Indigenous Australians at greater risk of blindnessJuly 8, 2016
NAIDOC Week (3-10 July)
As we celebrate Indigenous achievements, culture and history during NAIDOC week, we cannot ignore how far we still have to go to ‘Close the Gap’ in health outcomes between Indigenous and non-Indigenous Australians.
Did you know Aboriginal and Torres Strait Islander people are 8 times more likely to have diabetes compared to the rest of the population? Or that 1 in 3 people with diabetes have diabetic eye disease, putting them at risk of losing their sight?
“We need earlier screening and treatment for diabetic retinopathy in Aboriginal and Torres Strait Islander communities. A 2011 study showed that just over half of those with clinically significant diabetic macular oedema and less than 40% of those with the early signs of diabetic retinopathy consulted a health care provider in the preceding year,” said Dr Mohamed Dirani, Head of Health Services and Evaluative Research at CERA.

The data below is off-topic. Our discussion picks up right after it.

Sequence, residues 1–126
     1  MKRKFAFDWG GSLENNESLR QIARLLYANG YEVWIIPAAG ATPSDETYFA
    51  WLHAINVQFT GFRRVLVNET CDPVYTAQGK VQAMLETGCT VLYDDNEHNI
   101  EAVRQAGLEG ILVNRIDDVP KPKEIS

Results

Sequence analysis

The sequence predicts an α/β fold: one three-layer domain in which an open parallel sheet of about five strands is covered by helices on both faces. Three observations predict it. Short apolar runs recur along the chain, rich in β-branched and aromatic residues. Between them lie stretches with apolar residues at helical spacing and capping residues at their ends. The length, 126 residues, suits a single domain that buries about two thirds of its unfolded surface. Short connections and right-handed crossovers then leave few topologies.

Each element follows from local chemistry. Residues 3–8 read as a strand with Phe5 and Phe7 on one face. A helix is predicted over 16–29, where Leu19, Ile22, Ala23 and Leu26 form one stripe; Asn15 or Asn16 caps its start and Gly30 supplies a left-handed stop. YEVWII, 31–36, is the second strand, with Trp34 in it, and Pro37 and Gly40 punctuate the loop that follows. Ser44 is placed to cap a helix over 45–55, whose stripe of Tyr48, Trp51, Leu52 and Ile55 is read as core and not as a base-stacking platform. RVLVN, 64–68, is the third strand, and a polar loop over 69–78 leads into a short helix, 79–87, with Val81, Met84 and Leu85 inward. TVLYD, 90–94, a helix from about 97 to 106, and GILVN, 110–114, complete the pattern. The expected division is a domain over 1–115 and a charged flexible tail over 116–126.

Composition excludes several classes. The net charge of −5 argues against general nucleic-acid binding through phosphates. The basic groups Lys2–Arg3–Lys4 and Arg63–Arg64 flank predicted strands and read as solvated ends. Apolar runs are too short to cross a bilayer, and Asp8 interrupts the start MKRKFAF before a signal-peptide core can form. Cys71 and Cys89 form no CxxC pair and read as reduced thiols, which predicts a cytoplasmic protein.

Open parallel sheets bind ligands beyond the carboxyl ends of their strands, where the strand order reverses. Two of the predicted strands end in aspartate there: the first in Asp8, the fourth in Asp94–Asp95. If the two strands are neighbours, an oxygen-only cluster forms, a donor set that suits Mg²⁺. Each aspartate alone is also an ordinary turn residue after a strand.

Dr Dirani led the recent National Eye Health Survey, which included 1,738 Aboriginal and Torres Strait Islander people aged 40 years or older from all over the country. Results are due to be published later this year but Dr Dirani says that preliminary data shows there is still a substantial gap between the eye health of Aboriginal and Torres Strait Islander people and non-Indigenous Australians. “There are some promising signs that eye health services are reaching our Aboriginal and Torres Strait Islander communities, but there is a significant amount of work yet to be done,” he said.
The National Eye Health Survey was conducted in partnership with Vision 2020 Australia and was supported by funding from the Australian Government under the Chronic Disease Prevention and Service Improvement Fund, with other contributions coming from CERA, OPSM, Novartis, Zeiss, Brien Holden Vision Institute, Optometry Australia, National Aboriginal Community Controlled Health Organisation and the Royal Flying Doctor Service.